Cloning is the creation of an exact genetic replica of a small segment of DNA, a cell or a whole organism. DNA cloning is also known as recombinant DNA technology, molecular cloning and gene cloning. It is a form of cloning that has been around since the 1970s and the technique is common practice in molecular biology laboratories when multiple copies of genes need to be made for testing for health and forensic purposes. DNA cloning is used to produce many copies of a particular segment of DNA containing one or more genes, to be studied in the laboratory. The DNA fragment of interest from an organism such as a human is incorporated into the ‘plasmid DNA’ of a bacterial cell. A plasmid is a circular self-replicating DNA molecule that is separate from the bacterial DNA. The plasmid containing the genes or DNA of interest is now a piece of ‘recombinant DNA’ made up of human and bacterial DNA. It is then put into a cell that will act as a host: as the host cell is copied over and over again, the recombinant DNA is copied as well. Bacteria are most often the host cells but yeast and mammalian cells can be used too. The end result is multiple identical copies of the same human DNA fragment or gene. Cloning is essential to enable enough copies of a gene or DNA segment to be analysed for human genetic testing to diagnose genetic conditions and enable predictive or presymptomatic genetic testing for genetic conditions in asymptomatic individuals or prenatally. Cloning presents many complex ethical questions. A few to consider are who should have access to the technologies, how will the use of the technologies be monitored, who gets to decide what aspects of cloning are morally acceptable and legal to use and which are not. The simple and lucid presentation of complicated topics in cloning, genetics and stem cell technology would prove to be very useful to students, researchers and teachers.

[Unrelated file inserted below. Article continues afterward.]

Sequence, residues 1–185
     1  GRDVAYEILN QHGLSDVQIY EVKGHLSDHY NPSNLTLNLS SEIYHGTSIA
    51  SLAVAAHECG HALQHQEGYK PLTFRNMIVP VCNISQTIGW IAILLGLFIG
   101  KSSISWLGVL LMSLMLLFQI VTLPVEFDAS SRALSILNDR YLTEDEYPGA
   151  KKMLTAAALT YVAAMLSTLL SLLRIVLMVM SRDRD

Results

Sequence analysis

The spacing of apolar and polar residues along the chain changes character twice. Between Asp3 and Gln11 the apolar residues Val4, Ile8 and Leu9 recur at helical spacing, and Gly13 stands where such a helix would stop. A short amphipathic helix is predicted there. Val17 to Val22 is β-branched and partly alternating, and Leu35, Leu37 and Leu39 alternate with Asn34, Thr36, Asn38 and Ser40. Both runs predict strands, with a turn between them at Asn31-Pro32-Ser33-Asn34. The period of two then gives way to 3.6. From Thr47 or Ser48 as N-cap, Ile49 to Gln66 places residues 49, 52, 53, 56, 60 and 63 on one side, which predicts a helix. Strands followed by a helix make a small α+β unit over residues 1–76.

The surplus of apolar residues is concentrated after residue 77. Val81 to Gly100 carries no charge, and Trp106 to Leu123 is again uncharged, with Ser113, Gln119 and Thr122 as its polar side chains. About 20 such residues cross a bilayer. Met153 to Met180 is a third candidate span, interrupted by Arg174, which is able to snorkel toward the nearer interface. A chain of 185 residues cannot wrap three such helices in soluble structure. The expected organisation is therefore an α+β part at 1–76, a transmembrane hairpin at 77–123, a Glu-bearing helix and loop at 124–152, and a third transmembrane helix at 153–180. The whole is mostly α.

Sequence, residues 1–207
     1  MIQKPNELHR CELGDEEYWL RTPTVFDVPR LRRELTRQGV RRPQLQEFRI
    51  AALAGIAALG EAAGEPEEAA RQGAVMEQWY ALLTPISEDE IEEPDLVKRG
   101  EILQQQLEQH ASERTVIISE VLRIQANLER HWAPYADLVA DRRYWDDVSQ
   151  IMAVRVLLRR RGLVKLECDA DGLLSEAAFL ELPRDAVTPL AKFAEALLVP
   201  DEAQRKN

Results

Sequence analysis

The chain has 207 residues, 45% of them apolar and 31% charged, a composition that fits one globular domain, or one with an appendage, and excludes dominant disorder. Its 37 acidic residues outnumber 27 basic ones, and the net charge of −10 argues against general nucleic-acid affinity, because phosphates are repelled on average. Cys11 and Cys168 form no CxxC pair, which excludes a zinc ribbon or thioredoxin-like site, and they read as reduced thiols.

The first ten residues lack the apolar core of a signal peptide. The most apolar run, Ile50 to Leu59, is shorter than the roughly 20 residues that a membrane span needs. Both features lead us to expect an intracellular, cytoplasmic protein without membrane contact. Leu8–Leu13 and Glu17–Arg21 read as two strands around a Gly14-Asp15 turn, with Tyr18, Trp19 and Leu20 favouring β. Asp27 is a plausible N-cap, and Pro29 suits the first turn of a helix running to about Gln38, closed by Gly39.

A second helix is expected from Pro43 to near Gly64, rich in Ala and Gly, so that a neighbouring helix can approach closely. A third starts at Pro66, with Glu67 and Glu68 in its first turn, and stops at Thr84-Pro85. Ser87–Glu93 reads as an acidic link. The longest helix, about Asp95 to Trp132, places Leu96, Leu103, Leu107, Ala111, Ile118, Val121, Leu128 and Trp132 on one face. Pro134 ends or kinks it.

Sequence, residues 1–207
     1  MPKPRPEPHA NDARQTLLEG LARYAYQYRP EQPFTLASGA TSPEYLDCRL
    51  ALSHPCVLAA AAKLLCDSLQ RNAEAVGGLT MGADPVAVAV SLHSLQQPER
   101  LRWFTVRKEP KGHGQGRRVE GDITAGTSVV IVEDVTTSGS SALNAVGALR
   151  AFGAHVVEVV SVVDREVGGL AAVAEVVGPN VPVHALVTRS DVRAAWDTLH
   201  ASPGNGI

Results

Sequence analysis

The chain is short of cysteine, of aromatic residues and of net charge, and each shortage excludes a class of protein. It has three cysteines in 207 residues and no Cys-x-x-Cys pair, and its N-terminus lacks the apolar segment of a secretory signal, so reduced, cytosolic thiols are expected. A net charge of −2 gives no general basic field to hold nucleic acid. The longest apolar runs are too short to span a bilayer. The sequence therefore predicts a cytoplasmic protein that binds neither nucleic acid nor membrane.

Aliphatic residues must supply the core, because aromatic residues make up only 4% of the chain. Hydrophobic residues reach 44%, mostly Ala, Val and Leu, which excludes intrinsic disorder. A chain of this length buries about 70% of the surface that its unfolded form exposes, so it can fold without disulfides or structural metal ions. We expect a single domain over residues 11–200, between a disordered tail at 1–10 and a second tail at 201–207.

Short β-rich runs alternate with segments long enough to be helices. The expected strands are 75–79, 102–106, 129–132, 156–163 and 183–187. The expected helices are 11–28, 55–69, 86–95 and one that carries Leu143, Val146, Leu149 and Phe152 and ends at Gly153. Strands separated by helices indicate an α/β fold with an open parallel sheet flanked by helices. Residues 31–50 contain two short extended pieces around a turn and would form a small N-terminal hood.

AUTOR: Whelan, Mark
EDITORA: Auris Reference
DISPONIBILIDADE DO PRODUTO: Sob Encomenda - Até 40 dias ( Importação )